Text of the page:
This has been a week of conversation for me. My friend Laurie started a conversation about the challenges of finding the right words, the right images, the right metaphors for understanding each other. It was in part a commentary on a conversation that started here about what worship would mean if we tried to think about it in words that don’t sound like church. There were, for me, three other conversations about these two, with Laurie, with Rob, and with Nancy, my wife with whom I’m getting 30 minutes of conversation (and exercise) every day.

Taking these mental conversations to a new level, Rick, on the partial other side of the world, thrilled my heart by suggesting talking about a relationship with God that’s a conversational relationship. I think that because the rest of my talking this week, that image immediately entered my daily language because it captures the personness of God, the interactiveness of God, the patience of God, and several other characteristics of God.

Conversation which is deep implies a number of things about relationship or community which are significant. It implies attentiveness, that the parties involved are alert to and focused on the other parties. It implies casualness about time and seriousness about people. It implies building upon and playing with ideas. It implies that each regards the other(s) as significant.

I know that we can have shallow conversations, the kinds that we often reserve for parties. But I have found that even at parties, as I choose to live with the above observations, I can have conversations that matter.

[Side note: last night I used that word ‘matter’ as both significance and substance (become matter). Thus, conversations can have significance and that can become tangible, have substance.]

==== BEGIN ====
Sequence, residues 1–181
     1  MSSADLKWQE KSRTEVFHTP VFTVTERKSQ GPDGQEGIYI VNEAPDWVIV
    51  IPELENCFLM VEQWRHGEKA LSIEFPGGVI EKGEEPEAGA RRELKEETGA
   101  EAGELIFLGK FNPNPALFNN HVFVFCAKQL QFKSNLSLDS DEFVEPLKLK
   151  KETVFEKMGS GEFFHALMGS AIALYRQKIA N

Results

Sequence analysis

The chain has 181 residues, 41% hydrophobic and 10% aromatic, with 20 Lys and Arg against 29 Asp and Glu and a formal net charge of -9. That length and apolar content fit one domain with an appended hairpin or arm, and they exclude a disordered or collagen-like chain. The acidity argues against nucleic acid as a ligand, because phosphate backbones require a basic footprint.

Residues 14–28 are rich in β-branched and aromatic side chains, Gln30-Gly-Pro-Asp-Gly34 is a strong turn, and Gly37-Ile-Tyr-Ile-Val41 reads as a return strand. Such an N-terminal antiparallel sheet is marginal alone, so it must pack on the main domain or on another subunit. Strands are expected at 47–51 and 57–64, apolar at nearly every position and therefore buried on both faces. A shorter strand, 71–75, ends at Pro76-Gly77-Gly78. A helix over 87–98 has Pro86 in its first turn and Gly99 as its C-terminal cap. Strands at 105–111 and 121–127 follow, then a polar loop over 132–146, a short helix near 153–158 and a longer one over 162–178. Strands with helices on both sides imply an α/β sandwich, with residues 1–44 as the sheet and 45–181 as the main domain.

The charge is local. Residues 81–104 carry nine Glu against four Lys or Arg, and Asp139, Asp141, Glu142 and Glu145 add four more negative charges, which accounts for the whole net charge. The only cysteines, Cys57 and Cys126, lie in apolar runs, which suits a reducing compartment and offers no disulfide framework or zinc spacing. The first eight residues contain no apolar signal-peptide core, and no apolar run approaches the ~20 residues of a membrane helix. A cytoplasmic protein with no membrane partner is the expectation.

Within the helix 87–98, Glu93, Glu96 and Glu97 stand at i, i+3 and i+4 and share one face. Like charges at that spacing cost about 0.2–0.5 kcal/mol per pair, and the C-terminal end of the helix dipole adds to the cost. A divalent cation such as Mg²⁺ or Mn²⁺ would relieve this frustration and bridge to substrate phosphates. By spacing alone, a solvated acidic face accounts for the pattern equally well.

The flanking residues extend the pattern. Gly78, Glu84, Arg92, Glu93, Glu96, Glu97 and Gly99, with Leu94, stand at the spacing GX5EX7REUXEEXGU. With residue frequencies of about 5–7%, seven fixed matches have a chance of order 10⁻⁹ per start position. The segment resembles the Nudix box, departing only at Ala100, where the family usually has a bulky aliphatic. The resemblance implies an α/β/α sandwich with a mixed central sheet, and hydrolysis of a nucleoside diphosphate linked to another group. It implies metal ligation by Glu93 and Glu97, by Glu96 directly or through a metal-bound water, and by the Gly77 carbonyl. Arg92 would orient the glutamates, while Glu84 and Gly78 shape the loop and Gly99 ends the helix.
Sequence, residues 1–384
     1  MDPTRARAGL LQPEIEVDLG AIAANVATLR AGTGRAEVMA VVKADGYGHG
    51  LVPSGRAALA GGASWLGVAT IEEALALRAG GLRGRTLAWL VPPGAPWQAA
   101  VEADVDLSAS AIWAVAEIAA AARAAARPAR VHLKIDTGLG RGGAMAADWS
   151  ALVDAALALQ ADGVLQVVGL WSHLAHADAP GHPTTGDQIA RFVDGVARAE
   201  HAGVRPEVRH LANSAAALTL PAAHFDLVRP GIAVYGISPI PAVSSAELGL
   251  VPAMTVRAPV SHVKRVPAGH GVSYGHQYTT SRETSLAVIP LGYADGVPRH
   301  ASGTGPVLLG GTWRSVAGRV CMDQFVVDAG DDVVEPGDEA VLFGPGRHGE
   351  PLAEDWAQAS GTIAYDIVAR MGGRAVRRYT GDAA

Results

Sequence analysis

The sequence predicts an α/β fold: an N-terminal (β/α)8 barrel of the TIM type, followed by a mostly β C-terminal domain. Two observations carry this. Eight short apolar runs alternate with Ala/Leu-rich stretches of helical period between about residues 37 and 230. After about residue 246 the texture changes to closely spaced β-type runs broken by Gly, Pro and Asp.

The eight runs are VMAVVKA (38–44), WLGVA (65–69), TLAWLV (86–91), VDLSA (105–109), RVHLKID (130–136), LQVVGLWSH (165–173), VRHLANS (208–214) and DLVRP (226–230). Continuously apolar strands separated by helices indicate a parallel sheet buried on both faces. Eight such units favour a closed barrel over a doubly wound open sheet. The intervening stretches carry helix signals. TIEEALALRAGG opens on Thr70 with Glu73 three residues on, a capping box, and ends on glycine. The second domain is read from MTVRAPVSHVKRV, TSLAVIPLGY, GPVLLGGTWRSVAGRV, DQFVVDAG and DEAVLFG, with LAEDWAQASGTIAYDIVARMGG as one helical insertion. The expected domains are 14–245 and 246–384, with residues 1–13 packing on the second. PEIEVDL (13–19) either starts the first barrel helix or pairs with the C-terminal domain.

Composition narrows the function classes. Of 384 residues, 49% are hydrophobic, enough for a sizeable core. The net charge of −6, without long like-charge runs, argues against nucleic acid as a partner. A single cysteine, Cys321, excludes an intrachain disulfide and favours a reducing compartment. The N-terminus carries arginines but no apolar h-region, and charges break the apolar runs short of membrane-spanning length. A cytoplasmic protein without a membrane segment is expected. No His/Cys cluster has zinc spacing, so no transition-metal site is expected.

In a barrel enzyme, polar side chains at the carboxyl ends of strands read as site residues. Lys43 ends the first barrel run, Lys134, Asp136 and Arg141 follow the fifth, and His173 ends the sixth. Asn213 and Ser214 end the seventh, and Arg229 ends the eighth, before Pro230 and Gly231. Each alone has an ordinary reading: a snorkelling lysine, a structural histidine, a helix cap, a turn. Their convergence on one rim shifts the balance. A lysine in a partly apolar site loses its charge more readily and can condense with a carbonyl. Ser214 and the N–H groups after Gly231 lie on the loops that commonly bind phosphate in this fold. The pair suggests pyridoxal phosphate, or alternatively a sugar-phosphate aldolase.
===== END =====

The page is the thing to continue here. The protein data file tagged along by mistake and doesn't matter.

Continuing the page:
May our interactions with each other at times rise to the level of conversation, and may our relationship with God deepen into a conversational one.

Make sense? Want to talk about it?

technorati tags:, , ,

Blogged with Flock


3 responses to “Conversation

  1. Your side note about matter reminds me that i have been thinking a lot about the conversational nature of our relationship with God this week.

    I, today, was attempting to clear my head so that i could listen for God and having a really hard time silencing the voices. I found myself thinking about earlier this week when my first grader told me that pour and poor were homonyms. (I was proud of her for remembering such a concept because she struggles with attention issues in the big classroom setting.) But what I was thinking today was, “Are pour and poor really homonyms, or do we just mis-pronounce them? I’m pretty sure she didn’t mean pore”. All this, you recall when i was supposed to be trying to listen for a word from God.

    Well, i shook that thought off and gathered myself together and thought, “maybe i should read a sccripture to focus on God.” So i was looking up a word in the concordence to find a particular scripture when the word “pour” jumped out at me from the top of one of the pages. I glanced down at the phrase and thought, “that sounds good”, and turned to Psalm 62 which had about 10 different thing to say to me which were relevant and helpful for today.

    And I thought “how cool, even though i was struggling to converse with God, all the time he was conversing with me, i just had to listen. Actually, even when i didn’t listen, he kept speaking.

    God’s conversations with us are so creative. And each is uniquely crafted to suit our individual persnality, needs, and circumstances at any given moment.

    He who has ears, let him hear.

  2. I like the phrase “casualness about time.” It suggests that we don’t wait for the so-called perfect moment to talk, when all is serene and clean and well-fed and nicely-dressed. We talk anytime, anywhere. AND it suggests that we don’t worry about how much time we’re spending talking. If the conversation is deep, who would want to set a timer or watch the clock? Who would even think about it?

  3. Hello Mister.

    The very best listeners in my life have reminded me of what I hope God is. You know me. I can blather with the best of them, and I’m sometimes not polite enough to give equal air (though I struggle with this cross often).

    I imagine God is the best at conversation there ever was.

    (But He’s not a rhetorist).